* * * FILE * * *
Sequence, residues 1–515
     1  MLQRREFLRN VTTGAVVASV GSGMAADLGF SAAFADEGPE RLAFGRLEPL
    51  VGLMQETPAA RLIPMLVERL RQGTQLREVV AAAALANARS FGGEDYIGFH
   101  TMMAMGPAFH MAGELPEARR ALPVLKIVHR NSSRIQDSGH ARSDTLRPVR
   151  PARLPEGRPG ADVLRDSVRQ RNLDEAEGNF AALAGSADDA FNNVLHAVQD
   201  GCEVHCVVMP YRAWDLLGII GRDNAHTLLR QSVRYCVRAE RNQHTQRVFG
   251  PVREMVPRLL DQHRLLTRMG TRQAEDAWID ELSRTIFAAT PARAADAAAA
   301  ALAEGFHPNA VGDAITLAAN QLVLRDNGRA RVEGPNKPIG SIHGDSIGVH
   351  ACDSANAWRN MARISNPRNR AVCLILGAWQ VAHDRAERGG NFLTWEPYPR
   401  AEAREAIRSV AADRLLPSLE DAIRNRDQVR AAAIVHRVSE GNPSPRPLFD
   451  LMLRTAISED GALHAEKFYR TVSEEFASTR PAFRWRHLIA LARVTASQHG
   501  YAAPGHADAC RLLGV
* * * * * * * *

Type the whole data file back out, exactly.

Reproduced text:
Sequence, residues 1–515
     1  MLQRREFLRN VTTGAVVASV GSGMAADLGF SAAFADEGPE RLAFGRLEPL
    51  VGLMQETPAA RLIPMLVERL RQGTQLREVV AAAALANARS FGGEDYIGFH
   101  TMMAMGPAFH MAGELPEARR ALPVLKIVHR NSSRIQDSGH ARSDTLRPVR
   151  PARLPEGRPG ADVLRDSVRQ RNLDEAEGNF AALAGSADDA FNNVLHAVQD
   201  GCEVHCVVMP YRAWDLLGII GRDNAHTLLR QSVRYCVRAE RNQHTQRVFG
   251  PVREMVPRLL DQHRLLTRMG TRQAEDAWID ELSRTIFAAT PARAADAAAA
   301  ALAEGFHPNA VGDAITLAAN QLVLRDNGRA RVEGPNKPIG SIHGDSIGVH
   351  ACDSANAWRN MARISNPRNR AVCLILGAWQ VAHDRAERGG NFLTWEPYPR
   401  AEAREAIRSV AADRLLPSLE DAIRNRDQVR AAAIVHRVSE GNPSPRPLFD
   451  LMLRTAISED GALHAEKFYR TVSEEFASTR PAFRWRHLIA LARVTASQHG
   501  YAAPGHADAC RLLGV